Almost 50 years after industrialist Ernie Samuel founded Sam-Son Farm, the thoroughbred operation remains one of the most successful breeding and ownership entities in North America.
It was 40 years ago when Sam-Son received its first Sovereign Award as Canada’s outstanding owner. In 1988, Sam-Son won its first Queen’s Plate courtesy of Regal Intention. Three years later, Dance Smartly became the first Canadian-owned and bred horse to win a Breeders’ Cup race, taking the Distaff at Churchill Downs. She remains the only filly to win the Canadian Triple Crown, is the only mare to foal back-to-back Plate winners (Scatter The Gold in 2000 and Dancethruthedawn in 2001) and was inducted in the National Museum of Racing Hall of Fame in 2003.
Inducted into the Canadian Racing Hall of Fame as a builder in 1998, Samuel passed away in May 2000, putting management of the stable under the direction of wife Liza and daughter Tammy Samuel-Balaz. In early 2008, both Tammy and Liza passed away, but the iconic red and gold silks have continued to shine with Ernie’s son Mark taking the reins as CEO, while Tammy’s husband Rick Balaz is the president and general manager.
The numbers speak for themselves: Sam-Son counts five Queen’s Plates, 10 Sovereign Awards as Canada’s outstanding owner, and seven outstanding breeder trophies. They’ve bred and/or raced some of Canada’s most famous horses. Dance Smartly (1991), Sky Classic (1992) and Chief Bearhart (1997) all won Eclipse Awards as North American champions.
With farms in both Ontario (breeding and foaling in Milton) and Florida (training in Ocala), Sam-Son remains a strong and significant contributor to Canada’s breeding and ownership ranks.
El Tormenta’s stirring 44-1 shocker in last year’s Grade 1 Woodbine Mile served as an ideal reminder of Sam-Son’s status as a world-class outfit.
What are the most critical challenges facing the industry in Canada today?
“I would say challenges related to the welfare of the horses,” said Rick Balaz. “Trying to figure out what’s causing the issues that we’re seeing on the track. I don’t know how you ever figure that out. But I think that is the most critical issue.”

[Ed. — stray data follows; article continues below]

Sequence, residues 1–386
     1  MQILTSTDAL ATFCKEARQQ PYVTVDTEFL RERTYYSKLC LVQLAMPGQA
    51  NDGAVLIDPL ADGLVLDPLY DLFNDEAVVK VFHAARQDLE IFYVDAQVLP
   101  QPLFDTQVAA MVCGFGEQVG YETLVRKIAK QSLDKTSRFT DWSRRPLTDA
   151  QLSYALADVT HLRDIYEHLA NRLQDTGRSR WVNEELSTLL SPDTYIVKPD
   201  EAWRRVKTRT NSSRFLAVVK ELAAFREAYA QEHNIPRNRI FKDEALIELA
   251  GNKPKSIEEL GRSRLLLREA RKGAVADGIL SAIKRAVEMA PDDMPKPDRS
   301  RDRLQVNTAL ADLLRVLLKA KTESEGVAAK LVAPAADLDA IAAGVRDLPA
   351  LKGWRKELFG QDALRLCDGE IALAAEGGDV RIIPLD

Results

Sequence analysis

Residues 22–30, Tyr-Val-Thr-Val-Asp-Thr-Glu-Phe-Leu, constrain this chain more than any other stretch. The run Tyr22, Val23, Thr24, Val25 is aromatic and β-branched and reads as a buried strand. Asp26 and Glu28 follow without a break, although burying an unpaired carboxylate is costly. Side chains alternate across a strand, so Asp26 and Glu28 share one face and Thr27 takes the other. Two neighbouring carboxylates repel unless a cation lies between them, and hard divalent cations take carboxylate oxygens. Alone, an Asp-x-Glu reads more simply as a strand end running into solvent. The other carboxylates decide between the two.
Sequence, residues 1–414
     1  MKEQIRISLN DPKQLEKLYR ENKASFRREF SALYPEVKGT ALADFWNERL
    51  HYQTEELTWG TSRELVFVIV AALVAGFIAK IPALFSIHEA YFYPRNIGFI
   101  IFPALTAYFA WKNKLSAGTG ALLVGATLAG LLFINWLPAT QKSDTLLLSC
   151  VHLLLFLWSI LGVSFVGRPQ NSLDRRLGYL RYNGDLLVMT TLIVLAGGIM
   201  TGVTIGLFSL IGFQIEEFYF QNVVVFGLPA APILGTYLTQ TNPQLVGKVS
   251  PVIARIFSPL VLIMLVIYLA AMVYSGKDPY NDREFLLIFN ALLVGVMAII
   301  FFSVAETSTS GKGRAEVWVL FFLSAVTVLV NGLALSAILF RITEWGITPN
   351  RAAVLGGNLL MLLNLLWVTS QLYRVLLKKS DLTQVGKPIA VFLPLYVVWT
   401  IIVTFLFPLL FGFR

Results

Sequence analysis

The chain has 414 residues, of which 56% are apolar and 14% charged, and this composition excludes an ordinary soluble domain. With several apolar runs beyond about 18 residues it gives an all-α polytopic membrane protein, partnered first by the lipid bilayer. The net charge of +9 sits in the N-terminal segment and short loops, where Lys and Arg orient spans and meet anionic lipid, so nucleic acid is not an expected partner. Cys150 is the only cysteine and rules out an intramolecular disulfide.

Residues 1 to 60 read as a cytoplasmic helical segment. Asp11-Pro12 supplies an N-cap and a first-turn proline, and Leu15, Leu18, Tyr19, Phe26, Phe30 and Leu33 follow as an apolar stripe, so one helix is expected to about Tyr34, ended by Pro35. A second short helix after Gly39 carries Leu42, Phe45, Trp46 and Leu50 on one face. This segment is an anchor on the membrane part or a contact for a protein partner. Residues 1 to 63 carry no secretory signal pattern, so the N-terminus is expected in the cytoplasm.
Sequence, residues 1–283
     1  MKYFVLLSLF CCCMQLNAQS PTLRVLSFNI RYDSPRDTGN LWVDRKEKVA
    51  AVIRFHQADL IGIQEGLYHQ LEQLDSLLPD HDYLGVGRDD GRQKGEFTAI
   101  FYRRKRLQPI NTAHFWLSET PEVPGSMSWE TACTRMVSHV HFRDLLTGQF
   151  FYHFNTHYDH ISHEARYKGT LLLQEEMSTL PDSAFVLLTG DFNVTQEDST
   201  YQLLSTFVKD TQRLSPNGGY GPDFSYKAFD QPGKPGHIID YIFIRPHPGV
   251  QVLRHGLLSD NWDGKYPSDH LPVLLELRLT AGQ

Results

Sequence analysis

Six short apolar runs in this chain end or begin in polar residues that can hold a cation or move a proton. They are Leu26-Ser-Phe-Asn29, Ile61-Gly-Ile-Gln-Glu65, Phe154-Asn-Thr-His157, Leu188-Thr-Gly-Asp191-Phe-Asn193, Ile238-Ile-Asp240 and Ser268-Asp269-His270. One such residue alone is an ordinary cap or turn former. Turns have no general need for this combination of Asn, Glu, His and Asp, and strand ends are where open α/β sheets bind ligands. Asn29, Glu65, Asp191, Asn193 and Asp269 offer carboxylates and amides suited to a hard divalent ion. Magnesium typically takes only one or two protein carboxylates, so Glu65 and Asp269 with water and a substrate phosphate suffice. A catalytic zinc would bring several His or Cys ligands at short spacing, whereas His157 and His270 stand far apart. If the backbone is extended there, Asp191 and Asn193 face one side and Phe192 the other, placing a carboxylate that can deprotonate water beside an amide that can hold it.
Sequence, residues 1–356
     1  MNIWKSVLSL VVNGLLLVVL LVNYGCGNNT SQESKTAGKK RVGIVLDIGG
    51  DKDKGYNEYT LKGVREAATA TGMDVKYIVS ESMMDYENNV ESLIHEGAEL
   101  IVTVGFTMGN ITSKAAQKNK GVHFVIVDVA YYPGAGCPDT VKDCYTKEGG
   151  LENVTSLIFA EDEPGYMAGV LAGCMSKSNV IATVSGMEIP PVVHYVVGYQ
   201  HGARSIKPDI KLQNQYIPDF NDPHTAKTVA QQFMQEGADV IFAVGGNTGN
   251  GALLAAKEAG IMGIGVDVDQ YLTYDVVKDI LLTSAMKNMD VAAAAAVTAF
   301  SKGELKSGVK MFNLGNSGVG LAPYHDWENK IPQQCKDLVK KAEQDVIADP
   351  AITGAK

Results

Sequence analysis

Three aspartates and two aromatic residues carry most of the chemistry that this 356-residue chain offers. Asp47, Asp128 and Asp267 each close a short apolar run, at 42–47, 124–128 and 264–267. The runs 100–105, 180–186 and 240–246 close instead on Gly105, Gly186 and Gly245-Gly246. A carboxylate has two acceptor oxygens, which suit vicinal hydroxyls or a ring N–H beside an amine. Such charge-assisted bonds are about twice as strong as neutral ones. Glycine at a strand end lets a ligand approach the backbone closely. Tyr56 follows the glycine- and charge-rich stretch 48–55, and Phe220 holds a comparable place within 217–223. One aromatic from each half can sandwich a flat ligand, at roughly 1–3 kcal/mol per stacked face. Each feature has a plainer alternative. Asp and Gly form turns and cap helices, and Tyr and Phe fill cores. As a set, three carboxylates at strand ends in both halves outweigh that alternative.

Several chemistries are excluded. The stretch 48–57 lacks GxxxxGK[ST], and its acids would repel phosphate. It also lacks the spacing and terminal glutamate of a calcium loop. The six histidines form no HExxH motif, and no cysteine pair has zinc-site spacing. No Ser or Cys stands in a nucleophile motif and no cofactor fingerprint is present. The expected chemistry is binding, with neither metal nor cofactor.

What needs to change about the industry in the next 5-10 years?
“To speak from our perspective, one of the biggest challenges is that the game is becoming unaffordable for the average horse owner. It’s very difficult from a financial perspective. I don’t know how you overcome that based on the world we live in. You have to be in it for the love of it – which is a great thing – but it used to be easier for a smaller guy to be involved. Now that’s becoming much more difficult. I don’t know how that gets reversed and we get back to the point where more people can be involved in the game.
“The other issue is that no one goes to the track anymore. If you go to Woodbine on any other day than the Queen’s Plate or other the big days, there’s no one there. How do you change that? I don’t know. It might be an insurmountable challenge based on the world we live in, and the online gaming and entertainment options. I guess it has to become more than horse racing and I think Woodbine is doing a good job of trying to do that, making it more of an entertainment experience. I think that’s the way they’re going to draw more people into supporting horse racing.”
How can you help affect that change?
“We can try and stay focused on breeding the best quality horses we can and hopefully bringing an exciting product to the racetrack.”
Where do you see the thoroughbred industry in Canada in 10 years?
“I hope to see an industry that’s continuing to survive and that is going to thrive. If we can attract more young people into the industry, it does have a future. I think it’s going to exist, but based on the trends we see and how the world is going… I have to go back to the welfare of the horse. More and more people are becoming up in arms about that. If we don’t up come with ways to resolve those issues, I think the future is not very bright and it’s going to be difficult 10 years down the road.”